Apparently career attorneys were transferred based on improper criteria:
…Based on the results of our investigation, we concluded that Schlozman considered political and ideological affiliations in transferring three career attorneys out of the Appellate Section between June 2005 and December 2005.
We also found that Schlozman considered political and ideological affiliations in other personnel actions affecting career attorneys, such as case assignments and awards. Several section chiefs told us that Schlozman directed them not to assign important cases to attorneys he identified as liberal, and one section chief said he instructed her to nominate the conservative attorneys he had hired for awards…
…We concluded that Schlozman inappropriately considered political and ideological affiliations when he forced three career attorneys to transfer from the Appellate Section.
As noted above, Schlozman frequently criticized the attorney staff in the Appellate Section and talked of his plan, when he “came into power,” to move certain attorneys from the section to make room for “real Americans.” Based on our interviews and our review of numerous e-mails, we found that Schlozman used the term “real Americans” to refer to individuals with conservative political views. Appellate Section Chief Flynn also told us that Schlozman named Appellate Section Attorneys A, B, and C as among several in the section whom he considered to be “disloyal,” “not one of us,” “against us,” “not on the team,” or “treacherous” and whom he wanted to move out of the section. In particular, Schlozman told Flynn that he viewed Attorney A as a “political opponent” because she had worked in the front office of the Division during the Clinton administration. Flynn said Schlozman “[o]ften brought up Attorney A – and politics. Said when he obtained power, he would get her out…”
Several others in the Justice Department are cited in the report:
…We concluded that Acosta and Kim did not sufficiently supervise Schlozman. In light of indications they had about Schlozman’s conduct and judgment, they failed to ensure that Schlozman’s hiring and personnel decisions were based on proper considerations. In addition, Bradshaw and Wiggins both had knowledge of Schlozman’s improper consideration of political and ideological affiliations in hiring, and they also failed to take action to ensure that Schlozman’s hiring decisions were consistent with the law and Department policy…
The conclusion of the report is blunt (reproduced in its entirety here):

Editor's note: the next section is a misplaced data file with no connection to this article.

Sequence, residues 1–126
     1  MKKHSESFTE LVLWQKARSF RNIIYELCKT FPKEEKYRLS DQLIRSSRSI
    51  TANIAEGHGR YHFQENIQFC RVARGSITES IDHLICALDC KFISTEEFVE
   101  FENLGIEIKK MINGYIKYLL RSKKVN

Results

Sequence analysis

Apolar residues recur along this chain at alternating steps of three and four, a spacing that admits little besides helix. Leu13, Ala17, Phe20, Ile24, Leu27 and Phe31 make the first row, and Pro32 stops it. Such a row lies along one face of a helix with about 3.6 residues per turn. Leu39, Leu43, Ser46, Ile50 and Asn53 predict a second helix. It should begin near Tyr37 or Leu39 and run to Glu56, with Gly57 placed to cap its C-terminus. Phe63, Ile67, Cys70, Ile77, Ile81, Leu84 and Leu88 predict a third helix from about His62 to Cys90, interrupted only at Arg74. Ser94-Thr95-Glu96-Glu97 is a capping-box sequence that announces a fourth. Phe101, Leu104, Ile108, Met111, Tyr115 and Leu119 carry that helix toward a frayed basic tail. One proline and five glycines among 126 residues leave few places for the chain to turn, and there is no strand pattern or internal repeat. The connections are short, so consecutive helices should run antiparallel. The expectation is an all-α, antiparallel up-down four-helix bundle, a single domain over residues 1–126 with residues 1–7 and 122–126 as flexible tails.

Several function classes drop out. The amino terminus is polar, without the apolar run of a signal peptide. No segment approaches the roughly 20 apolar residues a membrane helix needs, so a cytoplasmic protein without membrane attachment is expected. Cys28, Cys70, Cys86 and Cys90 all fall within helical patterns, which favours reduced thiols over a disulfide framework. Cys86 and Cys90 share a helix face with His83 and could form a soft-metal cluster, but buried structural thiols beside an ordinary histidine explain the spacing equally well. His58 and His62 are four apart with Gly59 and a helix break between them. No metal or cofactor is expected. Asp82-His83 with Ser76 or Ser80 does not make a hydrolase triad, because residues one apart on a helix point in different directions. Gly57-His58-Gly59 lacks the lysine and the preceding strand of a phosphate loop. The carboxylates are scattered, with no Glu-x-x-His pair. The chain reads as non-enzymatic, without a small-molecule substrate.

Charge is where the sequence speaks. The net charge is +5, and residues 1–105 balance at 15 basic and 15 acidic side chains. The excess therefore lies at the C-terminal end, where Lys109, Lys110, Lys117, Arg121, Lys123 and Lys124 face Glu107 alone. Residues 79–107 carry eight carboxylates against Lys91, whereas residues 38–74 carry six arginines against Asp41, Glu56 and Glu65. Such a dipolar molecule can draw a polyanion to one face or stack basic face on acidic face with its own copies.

CHAPTER FIVE: CONCLUSIONS AND RECOMMENDATIONS
Our investigation examined whether:
(1) the Civil Rights Division improperly used political or ideological affiliations in assessing applicants for career attorney positions, including hiring for both experienced attorneys and entry-level attorneys through the Honors Program;
(2) political or ideological affiliations resulted in other personnel actions that affected career attorneys in the Division, such as attorney transfers and attorney case assignments;
(3) the Division’s senior management exercised appropriate oversight of Schlozman’s actions in the hiring and treatment of career attorneys; and
(4) Schlozman made false statements in his testimony to Congress about these matters.
The evidence in our investigation showed that Schlozman, first as a Deputy Assistant Attorney General and subsequently as Principal Deputy Assistant Attorney General and Acting Assistant Attorney General, considered political and ideological affiliations in hiring career attorneys and in other personnel actions affecting career attorneys in the Civil Rights Division. In doing so, he violated federal law – the Civil Service Reform Act – and Department policy that prohibit discrimination in federal employment based on political and ideological affiliations, and committed misconduct. The evidence also showed that Division managers failed to exercise sufficient oversight to ensure that Schlozman did not engage in inappropriate hiring and personnel practices. Moreover, Schlozman made false statements about whether he considered political and ideological affiliations when he gave sworn testimony to the Senate Judiciary Committee and in his written responses to supplemental questions from the Committee.